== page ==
I am a firm believer in the maxim that out of every adversity grows opportunity, a positive reaction from an unforeseen change. And now more than ever, this optimism is needed.
A few decades ago when I was studying the impact of the built environment on its inhabitants, I came across the work of the Swiss-French architect and planner Charles-Édouard Le Corbusier. He died when I was just four months old, but he had lived right from the 1880s right through to the mid 1960s.
As the global Great Depression enveloped Europe, Le Corbusier devoted more and more time to his ideas for urban design and planned cities. He believed that his new, modern architectural forms would provide an organisational solution that would raise the quality of life for the working classes. In times of strife, he saw the possibility of how access and comfort could be maximised. In times of strife, people are more open to radical change.
And so are we now.
We wake each morning with the ache of worry, the weight of a sort of impending doom that may not materialise, and the shock that something like this could nobble humanity in the way it has.
We are fortunate here in Galway, because in terms of Europe, if the city were a cruise liner suite, it would be one with an outside balcony on the ocean. We are lashed with the purest of Atlantic rain, and buffeted by the freshest of sea breezes. Here we have a city that, with a little imagination, can be a lot more than it is — a topic to which I have referred on many an occasion (primarily because it is an important one ).
Opportunities to shape and change cities and towns do not come up very often. A paradigm of architecture, or street layout, of development is often set and adhered to for generations making any alteration seem problematic.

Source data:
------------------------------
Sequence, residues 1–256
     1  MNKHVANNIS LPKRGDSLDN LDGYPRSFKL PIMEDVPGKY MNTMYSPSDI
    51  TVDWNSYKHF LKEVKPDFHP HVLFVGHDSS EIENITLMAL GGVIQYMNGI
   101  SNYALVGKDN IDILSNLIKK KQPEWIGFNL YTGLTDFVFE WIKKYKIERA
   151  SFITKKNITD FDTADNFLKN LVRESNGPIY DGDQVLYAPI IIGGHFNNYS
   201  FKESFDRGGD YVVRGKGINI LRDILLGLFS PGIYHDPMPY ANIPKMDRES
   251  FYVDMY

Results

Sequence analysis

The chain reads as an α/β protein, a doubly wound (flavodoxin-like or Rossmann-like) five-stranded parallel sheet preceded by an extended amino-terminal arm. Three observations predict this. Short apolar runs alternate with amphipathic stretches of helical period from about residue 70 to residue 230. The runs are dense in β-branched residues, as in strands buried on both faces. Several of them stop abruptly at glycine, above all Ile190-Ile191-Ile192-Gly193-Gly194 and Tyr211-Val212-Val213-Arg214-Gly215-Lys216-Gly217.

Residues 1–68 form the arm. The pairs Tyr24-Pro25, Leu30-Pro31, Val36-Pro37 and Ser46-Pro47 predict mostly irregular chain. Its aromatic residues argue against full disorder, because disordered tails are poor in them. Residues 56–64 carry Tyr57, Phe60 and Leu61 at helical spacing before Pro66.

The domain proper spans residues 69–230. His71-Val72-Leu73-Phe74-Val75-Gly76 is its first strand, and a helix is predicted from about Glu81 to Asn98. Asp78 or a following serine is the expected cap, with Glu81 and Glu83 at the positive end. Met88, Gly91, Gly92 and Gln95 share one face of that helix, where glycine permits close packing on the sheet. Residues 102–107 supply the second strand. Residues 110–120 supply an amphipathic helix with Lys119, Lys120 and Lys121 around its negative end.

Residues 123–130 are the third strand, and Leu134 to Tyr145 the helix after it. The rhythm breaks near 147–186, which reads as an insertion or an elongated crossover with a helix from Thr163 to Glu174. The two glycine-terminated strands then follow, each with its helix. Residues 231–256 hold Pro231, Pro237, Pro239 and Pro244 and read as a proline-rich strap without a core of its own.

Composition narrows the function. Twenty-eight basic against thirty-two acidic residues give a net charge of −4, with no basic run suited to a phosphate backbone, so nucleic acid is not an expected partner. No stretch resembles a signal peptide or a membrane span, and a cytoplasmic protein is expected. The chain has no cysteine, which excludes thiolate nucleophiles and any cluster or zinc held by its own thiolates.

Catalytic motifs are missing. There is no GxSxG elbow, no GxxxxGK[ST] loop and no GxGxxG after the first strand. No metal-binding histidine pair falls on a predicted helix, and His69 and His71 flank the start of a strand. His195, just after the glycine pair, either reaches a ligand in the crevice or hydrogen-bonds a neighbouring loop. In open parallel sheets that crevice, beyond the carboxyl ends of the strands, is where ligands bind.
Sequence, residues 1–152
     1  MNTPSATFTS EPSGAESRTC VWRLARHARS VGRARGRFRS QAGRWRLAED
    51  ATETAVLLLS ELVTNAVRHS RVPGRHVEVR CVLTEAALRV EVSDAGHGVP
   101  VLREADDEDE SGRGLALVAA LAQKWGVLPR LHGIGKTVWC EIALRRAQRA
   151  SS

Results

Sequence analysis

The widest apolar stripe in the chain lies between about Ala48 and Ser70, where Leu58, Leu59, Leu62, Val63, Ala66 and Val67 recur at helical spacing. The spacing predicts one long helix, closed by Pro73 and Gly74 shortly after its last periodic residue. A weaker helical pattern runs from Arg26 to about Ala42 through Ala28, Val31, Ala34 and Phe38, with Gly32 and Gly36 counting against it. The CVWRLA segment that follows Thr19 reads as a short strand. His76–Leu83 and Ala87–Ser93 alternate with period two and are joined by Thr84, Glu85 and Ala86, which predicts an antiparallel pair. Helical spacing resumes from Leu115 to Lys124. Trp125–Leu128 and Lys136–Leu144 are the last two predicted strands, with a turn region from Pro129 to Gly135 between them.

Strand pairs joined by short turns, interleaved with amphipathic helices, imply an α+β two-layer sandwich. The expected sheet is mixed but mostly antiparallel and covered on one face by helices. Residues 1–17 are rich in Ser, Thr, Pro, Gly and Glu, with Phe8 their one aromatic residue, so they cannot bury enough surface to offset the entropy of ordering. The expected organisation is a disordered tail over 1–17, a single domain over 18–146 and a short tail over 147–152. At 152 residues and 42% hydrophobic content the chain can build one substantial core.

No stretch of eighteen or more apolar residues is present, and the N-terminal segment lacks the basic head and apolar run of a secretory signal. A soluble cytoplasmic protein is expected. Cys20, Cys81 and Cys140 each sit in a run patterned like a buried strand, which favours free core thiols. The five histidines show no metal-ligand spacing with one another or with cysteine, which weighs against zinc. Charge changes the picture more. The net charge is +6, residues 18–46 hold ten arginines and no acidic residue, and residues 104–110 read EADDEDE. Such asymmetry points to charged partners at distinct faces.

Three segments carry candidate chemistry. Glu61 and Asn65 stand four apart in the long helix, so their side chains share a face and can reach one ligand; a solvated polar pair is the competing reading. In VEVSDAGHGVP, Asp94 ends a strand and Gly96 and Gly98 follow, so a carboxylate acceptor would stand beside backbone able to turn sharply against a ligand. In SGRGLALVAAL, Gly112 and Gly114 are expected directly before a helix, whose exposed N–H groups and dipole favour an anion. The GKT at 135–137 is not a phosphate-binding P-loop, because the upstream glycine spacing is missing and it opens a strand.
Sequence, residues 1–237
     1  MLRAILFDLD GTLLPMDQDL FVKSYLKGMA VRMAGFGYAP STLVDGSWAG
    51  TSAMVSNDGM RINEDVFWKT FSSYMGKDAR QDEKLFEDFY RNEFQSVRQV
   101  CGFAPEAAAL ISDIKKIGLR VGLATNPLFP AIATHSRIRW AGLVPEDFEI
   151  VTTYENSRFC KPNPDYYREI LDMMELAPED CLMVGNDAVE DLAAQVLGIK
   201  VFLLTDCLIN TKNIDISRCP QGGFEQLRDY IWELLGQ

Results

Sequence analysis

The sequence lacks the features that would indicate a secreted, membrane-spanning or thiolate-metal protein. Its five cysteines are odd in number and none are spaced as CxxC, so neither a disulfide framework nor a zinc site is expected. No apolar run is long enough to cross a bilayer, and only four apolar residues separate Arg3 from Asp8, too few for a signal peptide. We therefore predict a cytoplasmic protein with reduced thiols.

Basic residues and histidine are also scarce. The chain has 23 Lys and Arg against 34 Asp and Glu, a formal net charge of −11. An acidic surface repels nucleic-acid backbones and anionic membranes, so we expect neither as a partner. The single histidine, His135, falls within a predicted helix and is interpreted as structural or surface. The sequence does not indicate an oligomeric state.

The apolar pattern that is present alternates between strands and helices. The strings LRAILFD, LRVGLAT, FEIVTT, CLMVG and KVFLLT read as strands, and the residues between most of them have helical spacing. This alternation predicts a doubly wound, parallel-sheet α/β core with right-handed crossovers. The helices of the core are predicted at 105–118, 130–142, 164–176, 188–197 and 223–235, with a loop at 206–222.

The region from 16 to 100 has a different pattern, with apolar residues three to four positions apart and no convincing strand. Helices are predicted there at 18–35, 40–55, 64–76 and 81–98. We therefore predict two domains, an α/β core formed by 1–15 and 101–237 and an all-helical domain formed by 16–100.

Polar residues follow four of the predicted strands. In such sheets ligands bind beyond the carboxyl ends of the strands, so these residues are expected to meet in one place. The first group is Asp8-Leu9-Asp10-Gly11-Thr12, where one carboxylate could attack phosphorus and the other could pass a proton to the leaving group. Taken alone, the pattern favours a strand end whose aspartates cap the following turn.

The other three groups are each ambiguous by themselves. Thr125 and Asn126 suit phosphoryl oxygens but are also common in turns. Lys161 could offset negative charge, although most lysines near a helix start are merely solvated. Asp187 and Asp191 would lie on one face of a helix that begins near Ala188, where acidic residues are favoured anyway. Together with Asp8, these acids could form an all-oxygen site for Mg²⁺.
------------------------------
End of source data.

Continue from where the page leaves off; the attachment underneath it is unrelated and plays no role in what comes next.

But now, we have all been shaken. Nothing is absolute anymore. Nothing is definite. The way we will have to live our lives will be one that focuses on greater humanity, greater humility, a desire to be kinder to each other through a change in lifestyle and hygiene and behaviour. No longer will there be a tolerance for the sort of antics that accommodated the spread of a pandemic.
An online meeting was held in the city on Tuesday on the back of an open letter which we covered last week. A collection of diverse groupings, all empowered by the ethos of their own beliefs and organisations, have come together to dictate how we will shape the sort of Galway that will be experienced during this crisis. There are many months and maybe years left before the full threat of Covid-19 disappears. Until then we have to reshape our society to make it more compatible with a healthier lifestyle.
Our buildings need to be sustainable to a degree that encourages a change in lifestyle. Our public spaces need to be more organised and utilised for inclusive events that welcome all ages and abilities to a non-threatening environment. Our narrow streets need to be made more pedestrian and cycle friendly.
The lungs of the city need to be given the space to inhale and breathe out, to allow for eateries and coffee shops to spread outwards and create an atmosphere, dare I say it European, that would never be countenanced if this misfortune had not befallen us.
If you have ideas, get on board and make your feelings known. Play a part in the debate to shape the new Galway in which ourselves and Covid-19 will undoubtedly have to cohabit for some time to come.